James Gallo has a bee on his shoe. “There’s honey on my boot, obviously,” says Gallo, a pastry chef at the Hyatt Regency Atlanta. “She’s going after it.” Gallo doesn’t mind the hitchhiker. We’re standing on the roof of the hotel, surrounded by skyscrapers in the heart of downtown, on a hot July day. You’d never know by looking at the iconic 1967-built building, but its rooftop is home to hundreds of thousands of bees. In addition to crafting desserts for the hotel’s restaurants, Polaris and Sway, Gallo happens to be the resident beekeeper.
This year marks the tenth anniversary of the Hyatt Regency Atlanta tending to bees and producing honey. It started when the hotel partnered with Metro Atlanta Beekeepers Association in 2013 as part of an initiative to use local ingredients. Shortly after, the association reached out about some orphaned bees, and the Hyatt ended up with one hive, which quickly grew to two.
Gallo grew up helping his family keep bees in New Jersey and was drafted into helping the Atlanta hive by default, but the job unlocked a passion. Taking care of bees means more than just trying to get honey, he says. It’s about sustaining life. “You’re dealing with a different kind of elements up on the roof,” says Gallo.
Under the spinning dome of Polaris, 250 feet above Peachtree Street, raised garden beds contain a dizzying array of yellow pentas, basil, purple obedient plant, rosemary, and mint—much of which appears in the hotel’s restaurants. Bees flit around the garden and likely far beyond, traveling up to five miles for pollen and nectar before returning to one of the hotel’s fourteen hives. Gallo, suited in protective gear, visits them nearly every day. In the winter the colonies shrink as the bees go into survival mode, living off sugar water; summertime brings a flurry of excitement as they expand and begin producing honey. When Gallo opens one of the hives, a world of organized chaos is revealed, each bee with its duty.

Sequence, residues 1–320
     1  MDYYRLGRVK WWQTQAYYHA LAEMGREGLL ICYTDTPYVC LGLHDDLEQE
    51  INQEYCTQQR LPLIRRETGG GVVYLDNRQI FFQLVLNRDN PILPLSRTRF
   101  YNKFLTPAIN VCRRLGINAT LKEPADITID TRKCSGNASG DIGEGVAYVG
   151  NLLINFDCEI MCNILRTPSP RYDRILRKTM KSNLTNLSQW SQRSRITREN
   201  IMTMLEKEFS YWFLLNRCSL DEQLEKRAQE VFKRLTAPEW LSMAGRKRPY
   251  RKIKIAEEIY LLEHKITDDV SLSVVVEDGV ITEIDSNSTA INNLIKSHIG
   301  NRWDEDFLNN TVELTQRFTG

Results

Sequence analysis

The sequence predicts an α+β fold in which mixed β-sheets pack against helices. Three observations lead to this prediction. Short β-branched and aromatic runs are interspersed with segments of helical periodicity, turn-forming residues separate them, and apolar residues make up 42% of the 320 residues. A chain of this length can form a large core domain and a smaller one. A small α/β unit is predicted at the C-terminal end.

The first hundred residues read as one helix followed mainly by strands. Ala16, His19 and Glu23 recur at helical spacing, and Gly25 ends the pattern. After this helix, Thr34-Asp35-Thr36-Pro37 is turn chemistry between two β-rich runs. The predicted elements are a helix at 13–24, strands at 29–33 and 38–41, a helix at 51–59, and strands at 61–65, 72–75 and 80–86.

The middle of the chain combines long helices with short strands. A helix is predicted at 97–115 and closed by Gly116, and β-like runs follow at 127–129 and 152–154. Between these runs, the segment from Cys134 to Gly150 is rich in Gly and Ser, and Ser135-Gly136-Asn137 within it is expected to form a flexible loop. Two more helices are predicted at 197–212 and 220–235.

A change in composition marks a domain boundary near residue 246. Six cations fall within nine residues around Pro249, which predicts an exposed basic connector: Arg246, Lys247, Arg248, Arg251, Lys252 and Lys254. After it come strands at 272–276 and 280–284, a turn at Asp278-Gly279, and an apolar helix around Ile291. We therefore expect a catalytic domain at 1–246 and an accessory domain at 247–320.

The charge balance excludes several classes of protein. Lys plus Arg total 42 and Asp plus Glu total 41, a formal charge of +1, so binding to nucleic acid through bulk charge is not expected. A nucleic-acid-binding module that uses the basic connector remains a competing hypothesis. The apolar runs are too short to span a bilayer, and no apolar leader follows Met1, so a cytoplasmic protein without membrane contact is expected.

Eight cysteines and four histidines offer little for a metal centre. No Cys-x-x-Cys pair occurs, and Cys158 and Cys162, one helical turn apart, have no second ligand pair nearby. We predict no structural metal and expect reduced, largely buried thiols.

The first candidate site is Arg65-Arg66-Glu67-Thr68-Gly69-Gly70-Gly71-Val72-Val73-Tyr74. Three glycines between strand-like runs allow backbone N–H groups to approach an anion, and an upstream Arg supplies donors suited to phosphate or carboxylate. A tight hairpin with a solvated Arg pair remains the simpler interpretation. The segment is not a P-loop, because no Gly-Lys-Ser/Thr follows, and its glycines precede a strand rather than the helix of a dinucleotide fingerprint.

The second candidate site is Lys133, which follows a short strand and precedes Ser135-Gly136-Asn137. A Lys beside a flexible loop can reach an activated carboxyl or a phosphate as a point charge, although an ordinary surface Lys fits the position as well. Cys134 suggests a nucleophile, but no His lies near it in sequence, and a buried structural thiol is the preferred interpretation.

No two batches of honey are alike. Their hue depends on the flowers the bees fed from that year and can range from clear yellow to deep amber. The honey’s flavor profile changes each season too. “A lot of our honey this year has just been very floral,” Gallo says.
More than a deliciously sweet substance, honey reflects the world around a hive. Atlanta’s experienced a construction boom in recent years, and the Hyatt’s honey looks different than it did a decade ago, when it had a dark, stout-beer-like tint. “I haven’t seen that super dark color and that was very earthy, almost herbal,” Gallo says. He supposes the bees were using holly nectar and that a building with that plant is now gone. “Everything is a byproduct of change. So honeys are going to change,” he says. “Your flowers around the city are going to change.”
The hotel is on track to produce about eight hundred pounds of honey this year—and it gets put to good use. It’s sold in jars at the hotel’s gift shop and used in myriad ways in the property’s restaurants. Honeycomb appears on charcuterie boards in Sway. In Polaris, honey shines in the blue dome dessert, a chocolate mousse filled with honey caramel and served alongside pecan praline for Georgia flair. In the Smoked Honey’O cocktail, honey syrup blends with dark rum, whiskey, and orange bitters for a showy drink smoked tableside. Gallo also likes to experiment with the honey, whether that’s making honey doughnuts or his version of Snickers with a honey nougat. “It’s whatever I feel like doing that day, if I really want to have fun,” says Gallo. “A lot of times I’ll use it as a guide for teaching my team in the pastry kitchen.”
Taking care of the bees isn’t easy—it can reach up to 105 degrees in the bee suit on a summer day—but Gallo wouldn’t have it any other way. “I can be angry at the world. I don’t want to talk to anybody,” he says. “But you go up there and everything falls away.”